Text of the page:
Homogenization also exposes exponentially more surface area of fat globules to oxygen, which may accelerate the oxidation of fats, leading to the formation of free radicals, which can contribute to inflammation and oxidative stress in the body.

Maybe we should have trusted our grandparents and great grandparents’ intuition.

Raw milk from a trusted local dairy farm is always going to be your best bet, but Straus Family Creamery Organic Cream-Top Whole Milk and Kalona SuperNatural Organic Cream-Top Whole Milk are a couple of decent choices that don’t homogenize and use lower temp pasteurization.

Non-homogenized milk is easy to spot by the lovely yellowish cream layer floating on the top of the milk. 

Step 2: Cooling & inoculating the milk

Okay, stepping off the soapbox. Back to making yogurt…

Cool your scalded milk down to a bacteria-friendly temperature range — typically between 108F and 112F — before adding the starter culture. Mixing the starter yogurt or powdered starter directly into milk can result in lumps, so it’s a good practice to remove about a cup of the milk from the pot and thoroughly blend it with the culture in a small bowl before adding it back to the pot. Whisk well to ensure even distribution.

Greek yogurt is typically made using thermophilic bacteria cultures, which means they thrive at higher temperatures compared to other types of yogurt cultures. The main thermophilic bacteria strains used for making Greek yogurt are Streptococcus thermophilus and Lactobacillus bulgaricus, which have an optimal growth temperature range of around 108F to 112F. 

You can get powdered yogurt starter culture from places like Cultures for HealthThe Cheesemaker or Cutting Edge Cultures. You can also use a cup or any plain organic yogurt (look for a brand free of additives or preservatives) purchased from the store. After that, simply save a half pint of your finished yogurt to use as a starter for your next batch. 

If purchasing powdered starter, be sure to look for “heirloom” cultures (as opposed to direct vat inoculate “direct set”) which can be perpetuated indefinitely and used for subsequent batches.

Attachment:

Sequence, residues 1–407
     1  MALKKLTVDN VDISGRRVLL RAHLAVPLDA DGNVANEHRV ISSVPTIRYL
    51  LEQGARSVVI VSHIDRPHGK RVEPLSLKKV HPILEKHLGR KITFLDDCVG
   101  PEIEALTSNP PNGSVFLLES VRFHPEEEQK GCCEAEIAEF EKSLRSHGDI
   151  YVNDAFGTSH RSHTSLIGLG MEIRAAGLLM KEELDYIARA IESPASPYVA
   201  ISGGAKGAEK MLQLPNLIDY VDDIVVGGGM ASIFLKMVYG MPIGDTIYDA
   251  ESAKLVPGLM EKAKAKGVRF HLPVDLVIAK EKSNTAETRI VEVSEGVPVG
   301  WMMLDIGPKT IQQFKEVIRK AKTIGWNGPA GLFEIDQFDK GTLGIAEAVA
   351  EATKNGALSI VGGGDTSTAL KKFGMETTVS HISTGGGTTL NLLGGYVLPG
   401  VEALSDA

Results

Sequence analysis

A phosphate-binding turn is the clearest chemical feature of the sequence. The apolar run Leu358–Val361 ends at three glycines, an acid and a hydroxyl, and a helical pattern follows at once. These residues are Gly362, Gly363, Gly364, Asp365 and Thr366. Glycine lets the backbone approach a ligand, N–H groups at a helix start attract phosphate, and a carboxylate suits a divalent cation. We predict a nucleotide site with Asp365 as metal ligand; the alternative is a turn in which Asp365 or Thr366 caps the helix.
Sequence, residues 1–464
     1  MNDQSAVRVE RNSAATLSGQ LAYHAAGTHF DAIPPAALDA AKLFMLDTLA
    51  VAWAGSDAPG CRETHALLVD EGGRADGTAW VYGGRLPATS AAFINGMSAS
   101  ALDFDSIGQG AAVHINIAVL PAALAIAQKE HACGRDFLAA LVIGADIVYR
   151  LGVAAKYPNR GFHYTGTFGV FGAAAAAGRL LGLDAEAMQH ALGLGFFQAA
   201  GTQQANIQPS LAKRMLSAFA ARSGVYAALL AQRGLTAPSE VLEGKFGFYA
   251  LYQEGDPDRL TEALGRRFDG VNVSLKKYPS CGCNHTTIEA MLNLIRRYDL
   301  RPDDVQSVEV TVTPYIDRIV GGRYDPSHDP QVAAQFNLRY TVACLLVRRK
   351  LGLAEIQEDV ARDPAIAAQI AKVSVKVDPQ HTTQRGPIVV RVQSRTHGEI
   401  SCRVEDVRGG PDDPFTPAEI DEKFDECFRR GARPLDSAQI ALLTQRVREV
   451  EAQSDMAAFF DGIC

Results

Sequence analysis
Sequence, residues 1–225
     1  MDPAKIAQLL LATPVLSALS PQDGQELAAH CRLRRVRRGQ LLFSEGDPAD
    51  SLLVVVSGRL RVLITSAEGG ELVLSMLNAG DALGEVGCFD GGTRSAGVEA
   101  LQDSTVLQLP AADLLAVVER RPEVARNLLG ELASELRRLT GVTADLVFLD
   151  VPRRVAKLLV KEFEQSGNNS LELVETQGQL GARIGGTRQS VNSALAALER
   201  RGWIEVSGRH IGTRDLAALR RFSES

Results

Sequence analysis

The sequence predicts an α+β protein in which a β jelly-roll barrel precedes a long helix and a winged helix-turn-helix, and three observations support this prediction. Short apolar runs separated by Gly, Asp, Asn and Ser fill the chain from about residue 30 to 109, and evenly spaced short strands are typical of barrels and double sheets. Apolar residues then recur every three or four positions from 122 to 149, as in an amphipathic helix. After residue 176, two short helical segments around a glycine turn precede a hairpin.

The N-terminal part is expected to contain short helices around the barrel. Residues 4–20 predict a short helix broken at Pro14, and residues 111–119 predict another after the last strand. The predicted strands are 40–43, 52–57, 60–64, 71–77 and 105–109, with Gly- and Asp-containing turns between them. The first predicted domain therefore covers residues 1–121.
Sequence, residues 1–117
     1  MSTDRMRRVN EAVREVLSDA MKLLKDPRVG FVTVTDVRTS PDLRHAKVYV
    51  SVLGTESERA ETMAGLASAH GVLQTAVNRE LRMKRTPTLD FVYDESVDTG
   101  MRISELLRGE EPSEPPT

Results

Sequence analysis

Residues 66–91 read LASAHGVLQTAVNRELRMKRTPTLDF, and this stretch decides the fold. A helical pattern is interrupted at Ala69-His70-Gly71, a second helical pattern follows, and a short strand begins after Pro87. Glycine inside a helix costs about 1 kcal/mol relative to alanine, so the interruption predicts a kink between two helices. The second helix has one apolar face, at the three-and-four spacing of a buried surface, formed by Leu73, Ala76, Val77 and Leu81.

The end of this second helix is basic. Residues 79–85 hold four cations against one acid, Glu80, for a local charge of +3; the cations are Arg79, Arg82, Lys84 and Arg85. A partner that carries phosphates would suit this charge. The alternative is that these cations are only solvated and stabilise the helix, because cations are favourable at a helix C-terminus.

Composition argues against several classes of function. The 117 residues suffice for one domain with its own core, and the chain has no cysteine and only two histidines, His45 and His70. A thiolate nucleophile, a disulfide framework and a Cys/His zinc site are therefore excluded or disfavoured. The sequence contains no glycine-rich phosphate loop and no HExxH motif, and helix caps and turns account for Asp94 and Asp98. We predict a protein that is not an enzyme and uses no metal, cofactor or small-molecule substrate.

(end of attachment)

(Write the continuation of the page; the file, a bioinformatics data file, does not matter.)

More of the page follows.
Step 3: Incubation

The mixture is incubated at the around 110F to allow fermentation and development of the yogurt. The duration of fermentation can impact various aspects of the yogurt, including its taste, texture, acidity level and probiotic content. Longer fermentation times generally result in a tangier flavor and thicker consistency, as well as higher levels of beneficial bacteria. You can make a decent probiotic yogurt in as little as 6-8 hours, but we choose to follow the GAPS recommendation to ferment it a full 24 hours to get the flavor we like and ensure maximum potency.

By fermenting the milk for a longer duration (e.g., up to 24 hours), it allows more time for the yogurt cultures to digest the milk’s lactose, break down the proteins and produce lactic acid, which also helps to thicken the yogurt. If you’re sensitive to lactose, you might do well with a longer-fermented yogurt.

Note: If you’re doing a 24-hour GAPS-style ferment, you’ll want to pull out your next starter around the 12-hour point so the yogurt has adequate lactose left to survive on while it waits in the refrigerator for the next yogurt-making day.

If you make yogurt often, you can store your starter yogurt in a mason jar in the refrigerator, or you can spoon the starter into an ice cube tray and freeze it for later. Once frozen, pop them out of the tray and store in a ziplock-style freezer baggie. To use, simply defrost a couple of cubes for every 1/2 gallon of yogurt you make.

Step 4: Chilling & straining

Once the yogurt has finished incubating, it’s time to let it chill for a spell. 

Chilling the yogurt prior to straining can help minimize excess whey separation during the straining process. When yogurt is still warmish, its viscosity decreases and it tends to be more fluid, and whey can separate more easily from the yogurt solids. Chilling the yogurt first makes it easier to strain without losing valuable solids (aka your Greek yogurt!)

Straining is typically done by pouring the yogurt into a cheesecloth-lined sieve or fine-mesh strainer set over a bowl. The yogurt is allowed to drip for a period of time, usually several hours or overnight, during which time the whey drips out, leaving behind a thicker, creamier yogurt known as Greek yogurt. If I have the refrigerator space (or a cold porch) I often let the straining continue a full 24 hours to get the thickest yogurt I can, which in my humble opinion, is the most versatile. I like my yogurt to be impervious to gravity, lol.

While you can use any old strainer lined with a bit of cheesecloth or a nut milk bag to accomplish this, I really love my Euro Cuisine greek yogurt strainers with the stainless steel strainer baskets. Each one will handle a half gallon of prepared yogurt and they make the process of straining as easy as can be.

My philosophy is if it’s easy, I’m MUCH more likely to do it regularly. 

If you want something done, figure out how to make it as easy as possible.

In my early days of yogurt making, I admit I was a bit distressed to see how much volume is lost when the whey is strained to make Greek yogurt, which can be upwards of 40%. For awhile I questioned whether thick Greek-style yogurt was worth “losing” almost half of my yogurt. 

Reframe: You’re not losing 40% or your yogurt; you’re gaining a quart or two of highly useful fresh whey. It’s helpful to have a plan in place to use all that lovely whey. It actually has a zillion and one uses (above and beyond inoculating your next lacto-ferment project). 

Stay tuned: What Can I Do with All This Whey!?